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Judges 7-8 New American Bible (Revised Edition) (NABRE)

Chapter 7

Defeat of Midian. Early the next morning Jerubbaal (that is, Gideon) encamped by the spring of Harod with all his soldiers. The camp of Midian was north of him, beside the hill of Moreh in the valley. The Lord said to Gideon: You have too many soldiers with you for me to deliver Midian into their power, lest Israel vaunt itself against me and say, “My own power saved me.”[a] So announce in the hearing of the soldiers, “If anyone is afraid or fearful, let him leave! Let him depart from Mount Gilead!”[b] Twenty-two thousand of the soldiers left, but ten thousand remained. The Lord said to Gideon: There are still too many soldiers. Lead them down to the water and I will test them for you there. If I tell you that a certain man is to go with you, he must go with you. But no one is to go if I tell you he must not. [c]When Gideon led the soldiers down to the water, the Lord said to him: Everyone who laps up the water as a dog does with its tongue you shall set aside by himself; and everyone who kneels down to drink raising his hand to his mouth you shall set aside by himself. Those who lapped up the water with their tongues numbered three hundred, but all the rest of the soldiers knelt down to drink the water. The Lord said to Gideon: By means of the three hundred who lapped up the water I will save you and deliver Midian into your power. So let all the other soldiers go home. They took up such supplies as the soldiers had with them, as well as their horns, and Gideon sent the rest of the Israelites to their tents, but kept the three hundred men. Now the camp of Midian was below him in the valley.

That night the Lord said to Gideon: Go, descend on the camp, for I have delivered it into your power. 10 If you are afraid to attack, go down to the camp with your aide Purah 11 and listen to what they are saying. After that you will have the courage to descend on the camp. So he went down with his aide Purah to the outposts of the armed men in the camp. 12 The Midianites, Amalekites, and all the Kedemites were lying in the valley, thick as locusts. Their camels could not be counted, for they were as many as the sands on the seashore. 13 [d]When Gideon arrived, one man was telling another about a dream. “I had a dream,” he said, “that a round loaf of barley bread was rolling into the camp of Midian. It came to a certain tent and struck it and turned it upside down, and the tent collapsed.” 14 “This can only be the sword of the Israelite Gideon, son of Joash,” the other replied. “God has delivered Midian and all the camp into his power.” 15 When Gideon heard the account of the dream and its explanation, he bowed down. Then returning to the camp of Israel, he said, “Arise, for the Lord has delivered the camp of Midian into your power.”

16 He divided the three hundred men into three companies, and provided them all with horns and with empty jars and torches inside the jars. 17 “Watch me and follow my lead,” he told them. “I shall go to the edge of the camp, and as I do, you must do also. 18 When I and those with me blow horns, you too must blow horns all around the camp and cry out, ‘For the Lord and for Gideon!’” 19 So Gideon and the hundred men who were with him came to the edge of the camp at the beginning of the middle watch,[e] just after the posting of the guards. They blew the horns and broke the jars they were holding. 20 When the three companies had blown their horns and broken their jars, they took the torches in their left hands, and in their right the horns they had been blowing, and cried out, “A sword for the Lord and for Gideon!” 21 They all remained standing in place around the camp, while the whole camp began to run and shout and flee. 22 When they blew the three hundred horns, the Lord set the sword of one against another throughout the camp, and they fled as far as Beth-shittah in the direction of Zeredah, near the border of Abel-meholah at Tabbath.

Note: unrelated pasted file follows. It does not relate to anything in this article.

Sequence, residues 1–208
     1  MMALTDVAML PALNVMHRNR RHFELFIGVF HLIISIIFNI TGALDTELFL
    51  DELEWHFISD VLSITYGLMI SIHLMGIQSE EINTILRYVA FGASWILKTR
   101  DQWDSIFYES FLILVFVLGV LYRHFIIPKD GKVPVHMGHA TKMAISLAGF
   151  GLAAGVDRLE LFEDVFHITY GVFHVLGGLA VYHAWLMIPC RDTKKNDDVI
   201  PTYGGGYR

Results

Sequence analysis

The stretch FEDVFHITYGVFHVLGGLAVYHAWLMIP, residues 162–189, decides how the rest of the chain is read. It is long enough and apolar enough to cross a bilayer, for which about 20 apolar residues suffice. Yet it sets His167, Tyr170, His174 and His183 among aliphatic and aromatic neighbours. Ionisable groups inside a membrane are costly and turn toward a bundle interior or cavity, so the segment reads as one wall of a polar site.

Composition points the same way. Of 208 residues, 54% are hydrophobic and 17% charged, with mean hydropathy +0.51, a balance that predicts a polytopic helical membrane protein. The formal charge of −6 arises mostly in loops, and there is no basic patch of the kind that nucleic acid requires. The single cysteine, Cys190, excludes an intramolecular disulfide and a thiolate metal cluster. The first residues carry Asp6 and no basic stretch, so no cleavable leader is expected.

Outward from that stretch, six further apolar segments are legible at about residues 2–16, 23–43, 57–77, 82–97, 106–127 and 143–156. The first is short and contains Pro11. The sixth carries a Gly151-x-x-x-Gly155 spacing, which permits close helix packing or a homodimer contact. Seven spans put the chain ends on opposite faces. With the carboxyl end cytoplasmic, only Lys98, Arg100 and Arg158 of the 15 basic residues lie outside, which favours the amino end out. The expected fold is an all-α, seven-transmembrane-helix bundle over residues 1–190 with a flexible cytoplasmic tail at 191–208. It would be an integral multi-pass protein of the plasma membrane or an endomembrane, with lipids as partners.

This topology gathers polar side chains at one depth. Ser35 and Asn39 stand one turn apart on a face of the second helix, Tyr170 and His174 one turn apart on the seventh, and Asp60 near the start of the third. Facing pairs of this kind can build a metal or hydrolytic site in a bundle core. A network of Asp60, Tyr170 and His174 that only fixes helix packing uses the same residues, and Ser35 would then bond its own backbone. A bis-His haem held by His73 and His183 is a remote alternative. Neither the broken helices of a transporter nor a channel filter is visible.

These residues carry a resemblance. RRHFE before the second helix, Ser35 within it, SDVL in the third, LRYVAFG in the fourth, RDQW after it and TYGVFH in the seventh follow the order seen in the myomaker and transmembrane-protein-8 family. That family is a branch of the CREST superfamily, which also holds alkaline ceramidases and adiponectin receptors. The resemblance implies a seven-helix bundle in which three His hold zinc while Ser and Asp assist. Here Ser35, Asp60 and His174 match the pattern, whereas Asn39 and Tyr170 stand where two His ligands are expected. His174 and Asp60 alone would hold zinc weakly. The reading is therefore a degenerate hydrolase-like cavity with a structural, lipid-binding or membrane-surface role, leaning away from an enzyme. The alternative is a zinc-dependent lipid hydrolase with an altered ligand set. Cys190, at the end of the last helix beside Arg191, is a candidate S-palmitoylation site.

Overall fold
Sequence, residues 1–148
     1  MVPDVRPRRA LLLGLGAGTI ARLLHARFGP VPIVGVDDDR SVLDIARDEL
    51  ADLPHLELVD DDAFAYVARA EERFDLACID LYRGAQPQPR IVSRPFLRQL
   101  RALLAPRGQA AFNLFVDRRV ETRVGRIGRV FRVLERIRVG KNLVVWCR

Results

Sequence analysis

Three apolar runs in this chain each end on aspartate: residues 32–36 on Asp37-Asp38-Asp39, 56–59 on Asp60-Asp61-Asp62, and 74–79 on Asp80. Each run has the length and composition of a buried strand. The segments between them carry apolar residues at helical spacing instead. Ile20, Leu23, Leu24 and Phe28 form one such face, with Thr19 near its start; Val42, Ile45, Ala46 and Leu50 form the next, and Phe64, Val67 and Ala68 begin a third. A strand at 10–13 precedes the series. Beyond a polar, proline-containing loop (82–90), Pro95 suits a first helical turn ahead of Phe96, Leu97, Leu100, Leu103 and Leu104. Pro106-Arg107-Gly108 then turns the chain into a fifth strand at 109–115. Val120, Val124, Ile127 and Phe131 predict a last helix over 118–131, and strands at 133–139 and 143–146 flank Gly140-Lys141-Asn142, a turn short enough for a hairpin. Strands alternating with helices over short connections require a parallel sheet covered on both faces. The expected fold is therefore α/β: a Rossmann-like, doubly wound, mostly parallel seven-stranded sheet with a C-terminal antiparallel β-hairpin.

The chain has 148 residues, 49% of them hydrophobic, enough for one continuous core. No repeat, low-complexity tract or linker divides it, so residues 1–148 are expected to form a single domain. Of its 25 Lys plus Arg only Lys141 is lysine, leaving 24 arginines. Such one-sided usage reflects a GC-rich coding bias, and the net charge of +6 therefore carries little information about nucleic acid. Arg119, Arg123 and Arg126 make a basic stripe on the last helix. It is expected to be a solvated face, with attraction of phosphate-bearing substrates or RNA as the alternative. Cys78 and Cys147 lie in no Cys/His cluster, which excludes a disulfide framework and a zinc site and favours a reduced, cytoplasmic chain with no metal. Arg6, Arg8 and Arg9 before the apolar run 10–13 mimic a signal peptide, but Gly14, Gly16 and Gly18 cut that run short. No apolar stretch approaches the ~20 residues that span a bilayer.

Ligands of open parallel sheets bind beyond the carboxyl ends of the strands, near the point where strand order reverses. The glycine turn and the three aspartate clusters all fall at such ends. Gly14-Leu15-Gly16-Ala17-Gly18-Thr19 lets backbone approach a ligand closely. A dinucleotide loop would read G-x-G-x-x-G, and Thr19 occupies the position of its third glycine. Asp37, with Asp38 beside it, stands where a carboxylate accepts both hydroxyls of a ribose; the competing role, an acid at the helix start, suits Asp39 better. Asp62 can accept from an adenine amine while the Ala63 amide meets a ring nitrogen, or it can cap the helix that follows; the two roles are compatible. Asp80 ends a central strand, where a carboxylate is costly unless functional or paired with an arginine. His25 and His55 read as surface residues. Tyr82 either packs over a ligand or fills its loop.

23 The Israelites were called to arms from Naphtali, from Asher, and from all Manasseh, and they pursued Midian. 24 Gideon also sent messengers throughout the mountain region of Ephraim to say, “Go down to intercept Midian, and seize the water courses against them as far as Beth-barah, as well as the Jordan.” So all the Ephraimites were called to arms, and they seized the water courses as far as Beth-barah, and the Jordan as well. 25 They captured the two princes of Midian, Oreb and Zeeb, killing Oreb at the rock of Oreb and Zeeb at the wine press of Zeeb. Then they pursued Midian, but they had the heads of Oreb and Zeeb brought to Gideon beyond the Jordan.

Chapter 8

But the Ephraimites said to him, “What have you done to us, not summoning us when you went to fight against Midian?” And they quarreled bitterly with him. But he answered them, “What have I done in comparison with you? Is not the gleaning of Ephraim better than the vintage of Abiezer? It was into your power God delivered the princes of Midian, Oreb and Zeeb. What have I been able to do in comparison with you?” When he said this, their anger against him subsided.

When Gideon reached the Jordan and crossed it, he and his three hundred men were exhausted and famished. So he said to the people of Succoth, “Will you give my followers some loaves of bread? They are exhausted, and I am pursuing Zebah and Zalmunna, kings of Midian.” But the princes of Succoth replied, “Are the hands of Zebah and Zalmunna already in your possession, that we should give food to your army?”[f] Gideon said, “Very well; when the Lord has delivered Zebah and Zalmunna into my power, I will thrash your bodies with desert thorns and briers.” He went up from there to Penuel and made the same request of them, but the people of Penuel answered him as had the people of Succoth. So to the people of Penuel, too, he said, “When I return in peace, I will demolish this tower.”

10 Now Zebah and Zalmunna were in Karkor with their force of about fifteen thousand men; these were all who were left of the whole Kedemite army, a hundred and twenty thousand swordsmen having fallen. 11 Gideon went up by the route of the tent-dwellers east of Nobah and Jogbehah, and attacked the force when it felt secure. 12 Zebah and Zalmunna fled and Gideon pursued them. He captured the two kings of Midian, Zebah and Zalmunna, terrifying the entire force.